In 2016, the University of Arts and Design in Linz, Austria hosted ‘Metafiesta,’ a significant event featuring a series of research talks, debates, artistic happenings, and performances. This symposium was the outcome of a research collaboration with the Cultural Studies department, delving into a wide array of discussions and artistic expressions. It acted as a platform for intellectual and artistic exploration, aiming to create meaning and significance by its very occurrence.
‘Metafiesta’ was a profound invitation for both individuals and collectives to participate, share, and celebrate their existence. It sought to stimulate transformations, urging attendees to explore new parameters of significance. It stood as an open canvas for learning, emphasizing participation as the core learning method.
The symposium was graced by an array of esteemed guests, each contributing their unique perspectives:
Prof. Dr. Martin Zillinger, from the Department of Social and Cultural Anthropology at the University of Cologne, offered insights on ‘Ambiguous Festivities: On Trance, Subjectivities, and Graduated Publics in Morocco.’
Dr. des. Anja Dreschke, Assistant Professor for Media Anthropology at Heinrich Heine University Düsseldorf, accompanied Martin Zillinger’s keynote.
Mag. Phil. Thomas Marschall, Director, Curator, Writer, and Lecturer, presented a performative lecture on ‘Fiesta as a Roundabout’ as a PhD Candidate at the University for Fine Arts Vienna, Department for Postcolonial Studies.
Marissa Lôbo, a migrant black activist and artist hailing from Bahia, Brazil, engaging in artistically critical education related to anti-racist or anti-sexist struggles, performed and lectured on ‘Rindo Alto Na Cara Da Sociedade’ alongside activists Edith Paule and Xhejlane Rexhepi as part of the Post Conceptual Art Practices at the Academy for Fine Arts in Vienna.
Sam Bunn, an artist working across installation, performance, and film, presented ‘A Sketch for Some Future Party That Don’t Stop, Like Whale Song Shouldn’t.’
Additionally, Jeff Boudreaux participated as the leading drummer of his brass band, adding a unique musical dimension to the symposium.
The ‘Metafiesta’ symposium encapsulated a vibrant confluence of academic inquiry, artistic expression, and cultural celebration, fostering a dynamic environment for discourse and engagement.
Fiestas stand as significant symbols of human cultural expression, enduring the test of time and transcending the constraints of temporal, spatial, and functional limitations. Their ability to alter the landscape of urban settings, blur the delineations of identity, and perpetuate connections with tradition makes them a noteworthy component of a modern cultural renaissance.
The resurgence of fiestas is intricately woven into a broader narrative of a global resurgence of religious practices, challenging conventional paradigms regarding modernity and the demarcation between religious and state affairs. This rekindling of religious activities is intimately connected to the evolving terrain of new media and the dissolution of boundaries within contemporary societies. The intersection of fiestas, revitalized religious expressions, and the evolving media landscape encapsulates a pivotal element of our modern cultural fabric.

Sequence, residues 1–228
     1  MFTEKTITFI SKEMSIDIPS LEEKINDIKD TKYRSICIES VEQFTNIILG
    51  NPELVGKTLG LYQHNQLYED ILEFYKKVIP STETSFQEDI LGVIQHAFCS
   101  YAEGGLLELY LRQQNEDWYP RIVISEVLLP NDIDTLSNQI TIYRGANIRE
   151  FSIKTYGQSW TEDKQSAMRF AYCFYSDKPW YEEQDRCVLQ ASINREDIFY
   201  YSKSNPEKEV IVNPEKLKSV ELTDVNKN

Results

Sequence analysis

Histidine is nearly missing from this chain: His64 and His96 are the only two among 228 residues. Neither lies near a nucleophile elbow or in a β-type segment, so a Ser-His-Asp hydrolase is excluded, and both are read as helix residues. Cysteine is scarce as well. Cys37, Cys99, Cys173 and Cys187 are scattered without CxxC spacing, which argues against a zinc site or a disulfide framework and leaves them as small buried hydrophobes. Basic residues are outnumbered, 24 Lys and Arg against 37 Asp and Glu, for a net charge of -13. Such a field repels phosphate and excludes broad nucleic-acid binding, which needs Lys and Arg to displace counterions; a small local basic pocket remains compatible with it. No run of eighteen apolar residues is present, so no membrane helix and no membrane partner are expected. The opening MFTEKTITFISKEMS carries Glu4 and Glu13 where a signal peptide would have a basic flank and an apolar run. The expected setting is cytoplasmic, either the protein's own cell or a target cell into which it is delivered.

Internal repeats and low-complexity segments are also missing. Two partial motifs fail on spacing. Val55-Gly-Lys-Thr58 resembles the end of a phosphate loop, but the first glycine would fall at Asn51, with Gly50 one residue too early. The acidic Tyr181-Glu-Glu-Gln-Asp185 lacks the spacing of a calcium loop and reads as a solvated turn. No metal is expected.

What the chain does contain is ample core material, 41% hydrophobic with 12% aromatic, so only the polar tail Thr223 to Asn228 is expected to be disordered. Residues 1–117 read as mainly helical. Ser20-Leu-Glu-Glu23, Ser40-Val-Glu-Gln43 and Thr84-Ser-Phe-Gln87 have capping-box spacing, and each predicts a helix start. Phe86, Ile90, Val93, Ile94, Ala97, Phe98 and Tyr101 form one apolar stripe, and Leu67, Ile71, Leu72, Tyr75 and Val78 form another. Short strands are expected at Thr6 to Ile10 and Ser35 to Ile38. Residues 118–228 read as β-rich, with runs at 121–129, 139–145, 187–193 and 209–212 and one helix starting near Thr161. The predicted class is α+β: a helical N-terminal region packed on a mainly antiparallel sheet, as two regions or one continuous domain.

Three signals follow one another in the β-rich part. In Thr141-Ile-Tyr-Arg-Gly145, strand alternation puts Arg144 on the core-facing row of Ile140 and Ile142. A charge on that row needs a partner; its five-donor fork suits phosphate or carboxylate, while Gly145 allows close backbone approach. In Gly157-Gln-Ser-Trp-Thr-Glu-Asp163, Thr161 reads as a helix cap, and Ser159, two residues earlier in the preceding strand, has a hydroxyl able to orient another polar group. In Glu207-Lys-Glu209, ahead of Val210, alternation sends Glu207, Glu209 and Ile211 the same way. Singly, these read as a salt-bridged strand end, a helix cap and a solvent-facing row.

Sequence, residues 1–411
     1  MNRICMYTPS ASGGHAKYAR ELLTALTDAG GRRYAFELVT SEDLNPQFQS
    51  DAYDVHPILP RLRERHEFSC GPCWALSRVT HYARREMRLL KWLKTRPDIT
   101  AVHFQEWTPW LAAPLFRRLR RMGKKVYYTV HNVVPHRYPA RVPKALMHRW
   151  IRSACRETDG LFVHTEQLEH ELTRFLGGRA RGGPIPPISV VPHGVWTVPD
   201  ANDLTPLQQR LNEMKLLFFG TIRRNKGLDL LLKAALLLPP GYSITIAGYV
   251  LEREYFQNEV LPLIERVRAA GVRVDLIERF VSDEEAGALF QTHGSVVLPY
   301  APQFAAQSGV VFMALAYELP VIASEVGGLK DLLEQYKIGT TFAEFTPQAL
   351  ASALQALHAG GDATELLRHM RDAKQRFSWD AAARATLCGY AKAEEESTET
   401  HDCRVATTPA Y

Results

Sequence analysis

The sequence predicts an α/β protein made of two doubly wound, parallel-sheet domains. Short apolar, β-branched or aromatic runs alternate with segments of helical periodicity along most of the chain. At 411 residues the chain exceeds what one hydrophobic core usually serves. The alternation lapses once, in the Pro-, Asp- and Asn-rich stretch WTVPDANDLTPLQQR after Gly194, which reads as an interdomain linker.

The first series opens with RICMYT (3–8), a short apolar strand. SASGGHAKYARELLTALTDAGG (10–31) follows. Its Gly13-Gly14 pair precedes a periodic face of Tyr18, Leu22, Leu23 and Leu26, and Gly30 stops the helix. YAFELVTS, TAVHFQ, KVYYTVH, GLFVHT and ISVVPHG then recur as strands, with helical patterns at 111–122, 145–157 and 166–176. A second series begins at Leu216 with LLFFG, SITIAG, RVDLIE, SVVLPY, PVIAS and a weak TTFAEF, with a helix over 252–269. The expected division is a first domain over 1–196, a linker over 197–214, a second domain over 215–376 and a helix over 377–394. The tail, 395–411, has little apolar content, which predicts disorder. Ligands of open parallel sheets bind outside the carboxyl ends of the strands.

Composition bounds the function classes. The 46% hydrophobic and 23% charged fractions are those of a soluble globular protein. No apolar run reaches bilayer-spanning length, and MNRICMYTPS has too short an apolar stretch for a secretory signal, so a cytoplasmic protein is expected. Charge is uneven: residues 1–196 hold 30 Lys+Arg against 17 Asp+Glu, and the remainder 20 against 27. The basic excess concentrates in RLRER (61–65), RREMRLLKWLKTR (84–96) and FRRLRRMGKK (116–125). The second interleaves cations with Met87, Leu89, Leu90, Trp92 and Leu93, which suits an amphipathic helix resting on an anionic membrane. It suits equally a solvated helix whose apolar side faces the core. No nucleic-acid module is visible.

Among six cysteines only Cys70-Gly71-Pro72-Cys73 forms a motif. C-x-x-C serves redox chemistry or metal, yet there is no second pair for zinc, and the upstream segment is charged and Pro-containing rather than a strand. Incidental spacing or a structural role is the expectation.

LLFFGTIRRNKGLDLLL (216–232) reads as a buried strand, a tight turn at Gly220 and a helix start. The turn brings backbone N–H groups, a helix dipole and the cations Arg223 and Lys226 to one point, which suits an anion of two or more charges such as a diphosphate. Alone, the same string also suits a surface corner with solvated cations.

In the realm of celebration, there are two main categories: private fiestas and public fiestas. Private fiestas are intimate gatherings, reserved for a select group of individuals. They hold the power to formalize bonds and create demarcations between those invited and those excluded. Private fiestas take place in closed or privatized enclosures, offering a sense of exclusivity. On the other hand, public fiestas, like carnivals and processions, come to life in open and accessible spaces such as city streets and squares. They transform these urban spaces into lively and central agents in the celebration, reaching a level of protagonism that turns them into more than just passive settings. Streets and squares shift from their everyday roles as thoroughfares to become stages of collective expression and cultural cohesion.
While public fiestas can serve various purposes, such as social stratification, the expression of popular identity, or the enhancement of family prestige, they are also increasingly embracing social and psychosocial aesthetics. Some events, like International Women’s Day and Pride Parades, have shifted toward a more festive nature while still carrying essential social and political messages. Even sporting events and cultural gatherings like football matches and concerts have embraced elements of the fiesta, creating communal experiences that extend beyond their primary functions.
Fiestas, with their power to transform urban spaces and bridge communal divides, are entwined in a contemporary narrative of cultural revival and the re-emergence of religious practice. The discussion on the «return of the religious» has unfolded on a global scale, challenging conventional narratives of modernity and the separation of church and state. The reinvigoration of religious practices is deeply linked to the altering landscape of new media and the unraveling boundaries in today’s societies. The intersections between media and religious practices are not novel. Edward Tylor, a pioneering figure in cultural anthropology, delved into Spiritualism in the 19th century, recognizing its cultural implications and investigating its alleged manifestations. Media, in their essence, transcend time and space, restructuring the shaping of ritual agency and mediating religious experiences. They’re integrated into established cultural and body techniques, yet often perceived to recede into the background, constituting but not overwhelming the conveyed experience.